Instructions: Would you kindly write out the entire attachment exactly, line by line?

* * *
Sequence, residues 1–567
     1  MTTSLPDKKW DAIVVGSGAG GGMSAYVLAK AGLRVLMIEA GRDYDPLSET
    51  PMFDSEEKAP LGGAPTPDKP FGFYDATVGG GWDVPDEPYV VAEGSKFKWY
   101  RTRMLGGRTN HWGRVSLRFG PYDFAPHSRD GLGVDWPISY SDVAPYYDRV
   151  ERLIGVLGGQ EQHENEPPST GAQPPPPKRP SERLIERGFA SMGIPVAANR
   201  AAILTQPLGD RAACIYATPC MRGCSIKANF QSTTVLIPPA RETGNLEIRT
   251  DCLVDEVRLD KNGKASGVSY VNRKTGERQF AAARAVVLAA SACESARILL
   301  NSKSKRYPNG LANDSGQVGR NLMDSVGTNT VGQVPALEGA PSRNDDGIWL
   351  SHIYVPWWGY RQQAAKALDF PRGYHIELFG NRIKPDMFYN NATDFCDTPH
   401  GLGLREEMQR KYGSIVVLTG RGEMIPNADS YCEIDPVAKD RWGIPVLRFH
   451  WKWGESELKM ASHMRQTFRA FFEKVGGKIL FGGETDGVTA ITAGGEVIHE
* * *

Sequence, residues 1–567
     1  MTTSLPDKKW DAIVVGSGAG GGMSAYVLAK AGLRVLMIEA GRDYDPLSET
    51  PMFDSEEKAP LGGAPTPDKP FGFYDATVGG GWDVPDEPYV VAEGSKFKWY
   101  RTRMLGGRTN HWGRVSLRFG PYDFAPHSRD GLGVDWPISY SDVAPYYDRV
   151  ERLIGVLGGQ EQHENEPPST GAQPPPPKRP SERLIERGFA SMGIPVAANR
   201  AAILTQPLGD RAACIYATPC MRGCSIKANF QSTTVLIPPA RETGNLEIRT
   251  DCLVDEVRLD KNGKASGVSY VNRKTGERQF AAARAVVLAA SACESARILL
   301  NSKSKRYPNG LANDSGQVGR NLMDSVGTNT VGQVPALEGA PSRNDDGIWL
   351  SHIYVPWWGY RQQAAKALDF PRGYHIELFG NRIKPDMFYN NATDFCDTPH
   401  GLGLREEMQR KYGSIVVLTG RGEMIPNADS YCEIDPVAKD RWGIPVLRFH
   451  WKWGESELKM ASHMRQTFRA FFEKVGGKIL FGGETDGVTA ITAGGEVIHE